That the acronym MOOCs rhymes with “nukes” seems apt. Massive open online courses, or MOOCs — led by two profit-making start-ups, Coursera and Udacity, founded by entrepreneurial Stanford professors — are a new disruptive force in education.1.
The MOOC skeptics have a variety of qualms, but especially about what is lost in the retreat of face-to-face teaching — a point eloquently made by Andrew Delbanco, a professor of American studies at Columbia University, in an article in the current New Republic, “MOOCs of Hazard.”
Michael A. Cusumano, a professor at the Sloan School of Management at M.I.T., raises a different issue in an essay published this week: the economics of MOOCs and the implications.
His article appears in Communications of the ACM, the monthly magazine of the Association for Computing Machinery, and he had circulated a version of it earlier to his M.I.T. colleagues. After reading it, L. Rafael Rief, M.I.T.’s president, asked Mr. Cusumano to serve on a task force on the “residential university” of the future, including online initiatives.
“My fear is that we’re plunging forward with these massively free online education resources and we’re not thinking much about the economics,” Mr. Cusumano said in an interview.
The MOOC champions, Mr. Cusumano said, are well-intentioned people who “think it’s a social good to distribute education for free.”
But Mr. Cusumano questions that assumption. “Free is actually very elitist,” he said. The long-term future of university education along the MOOC path, he said, could be a “few large, well-off survivors” and a wasteland of casualties.
Mr. Cusumano’s concerns grow out of his study of the software and media industries in the face of price pressure from free, open-source software and digital distribution over the Internet. Two-thirds of the public companies in the software industry disappeared between 1998 and 2006, as companies failed or were acquired. In the media world, Mr. Cusumano contends that newspaper and magazine companies — including The New York Times Company — made a strategic mistake by giving away their publications free on the Web....
Give-away pricing in education, Mr. Cusumano warns, may well be a comparable misstep. The damage would occur, he writes in the article, “if increasing numbers of universities and colleges joined the free online education movement and set a new threshold price for the industry — zero — which becomes commonly accepted and difficult to undo.”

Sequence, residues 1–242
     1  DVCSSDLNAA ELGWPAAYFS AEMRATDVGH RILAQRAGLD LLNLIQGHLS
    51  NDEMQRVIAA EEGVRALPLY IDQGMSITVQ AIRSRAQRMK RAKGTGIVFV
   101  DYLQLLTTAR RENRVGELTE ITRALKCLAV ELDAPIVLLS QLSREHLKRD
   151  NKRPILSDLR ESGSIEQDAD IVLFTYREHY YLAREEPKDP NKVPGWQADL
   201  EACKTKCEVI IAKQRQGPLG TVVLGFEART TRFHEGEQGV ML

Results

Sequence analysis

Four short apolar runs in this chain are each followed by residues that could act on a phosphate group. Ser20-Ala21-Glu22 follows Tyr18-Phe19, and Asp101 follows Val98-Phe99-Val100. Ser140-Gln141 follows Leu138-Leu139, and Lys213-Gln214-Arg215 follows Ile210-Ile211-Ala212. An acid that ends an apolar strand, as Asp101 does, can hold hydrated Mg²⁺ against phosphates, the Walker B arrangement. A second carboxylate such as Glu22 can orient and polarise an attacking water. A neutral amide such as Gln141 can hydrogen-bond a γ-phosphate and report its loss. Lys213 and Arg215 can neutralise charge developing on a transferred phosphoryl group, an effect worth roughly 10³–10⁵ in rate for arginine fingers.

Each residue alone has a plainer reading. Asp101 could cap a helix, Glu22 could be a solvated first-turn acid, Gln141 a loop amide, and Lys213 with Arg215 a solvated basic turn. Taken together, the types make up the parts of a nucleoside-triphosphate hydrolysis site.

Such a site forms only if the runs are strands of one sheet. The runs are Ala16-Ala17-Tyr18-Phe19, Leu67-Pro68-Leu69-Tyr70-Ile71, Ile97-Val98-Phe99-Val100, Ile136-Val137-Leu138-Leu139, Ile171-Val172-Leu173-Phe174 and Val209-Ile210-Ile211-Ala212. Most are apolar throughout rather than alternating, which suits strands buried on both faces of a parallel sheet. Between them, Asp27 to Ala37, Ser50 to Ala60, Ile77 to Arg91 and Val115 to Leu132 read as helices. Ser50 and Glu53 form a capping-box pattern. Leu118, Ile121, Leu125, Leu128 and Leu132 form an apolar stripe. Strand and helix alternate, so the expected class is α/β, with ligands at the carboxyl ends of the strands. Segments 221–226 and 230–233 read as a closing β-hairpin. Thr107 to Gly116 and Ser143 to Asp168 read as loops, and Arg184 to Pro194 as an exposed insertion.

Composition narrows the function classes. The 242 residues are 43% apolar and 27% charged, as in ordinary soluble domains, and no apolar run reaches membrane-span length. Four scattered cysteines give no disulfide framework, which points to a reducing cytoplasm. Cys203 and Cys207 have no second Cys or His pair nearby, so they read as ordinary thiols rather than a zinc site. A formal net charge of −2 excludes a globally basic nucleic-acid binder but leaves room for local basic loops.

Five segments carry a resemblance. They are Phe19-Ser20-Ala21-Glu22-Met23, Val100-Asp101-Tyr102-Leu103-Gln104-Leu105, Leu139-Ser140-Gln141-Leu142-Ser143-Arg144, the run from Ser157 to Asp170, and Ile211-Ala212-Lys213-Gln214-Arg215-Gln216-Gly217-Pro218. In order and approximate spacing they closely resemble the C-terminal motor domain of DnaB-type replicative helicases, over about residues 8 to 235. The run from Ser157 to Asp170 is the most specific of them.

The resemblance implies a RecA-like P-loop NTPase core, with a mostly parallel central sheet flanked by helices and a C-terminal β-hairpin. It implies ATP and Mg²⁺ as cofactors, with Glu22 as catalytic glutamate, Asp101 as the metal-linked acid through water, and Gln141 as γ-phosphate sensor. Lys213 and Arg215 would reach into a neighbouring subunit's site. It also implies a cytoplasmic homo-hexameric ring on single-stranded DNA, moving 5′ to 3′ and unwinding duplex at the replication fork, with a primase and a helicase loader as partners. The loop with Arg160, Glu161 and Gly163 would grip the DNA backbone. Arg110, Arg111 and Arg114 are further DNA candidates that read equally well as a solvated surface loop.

Beware of the High Cost of ‘Free’ Online Courses
New York Times | MARCH 25, 2013, 5:04 PM
"Massive open online courses, or MOOCs — led by two profit-making start-ups, Coursera and Udacity, founded by entrepreneurial Stanford professors — are a new disruptive force in education."
We have disruption now?
As far as I can tell, "creative disruption" is occurring when a new business is actually winning. MOOCs aren't a business, and they aren't winning, not at the moment.
And I don't recall distance learning being a disrupter back in the 1990s.
As far as I can tell, the only reason we're even talking about MOOCs is that we are 5 years into a depressed economy, and "free" is sounding like an awfully good idea right about now.
But as for disruption....I fear that the kind of disruption people seem to have in mind when they use the word already happened in the 1990s, and MOOCs are the least of it. Lots more administrators, lots fewer full-time professors, and now MOOCs. Swap in videos of Harvard professors, swap out the adjuncts. More for me!
I suppose you could characterize the bureaucratization of colleges and universities as creative disruption that benefits the administrators, but that's not what Clayton Christensen had in mind when he developed the concept.
"Mr. Cusumano’s concerns grow out of his study of the software and media industries in the face of price pressure from free, open-source software and digital distribution over the Internet....Give-away pricing in education, Mr. Cusumano warns, may well be a comparable misstep."
People like music and news; people listen to music and read news instead of getting down to work.
College courses, on the other hand, are work. A college course is the activity you listen to music and read news to avoid. MOOCs are going to be hard to give away, not easy.
For most of the MOOC discussions I come across, executive function is the Great Unsaid. That, and the fact that Free is not a business model.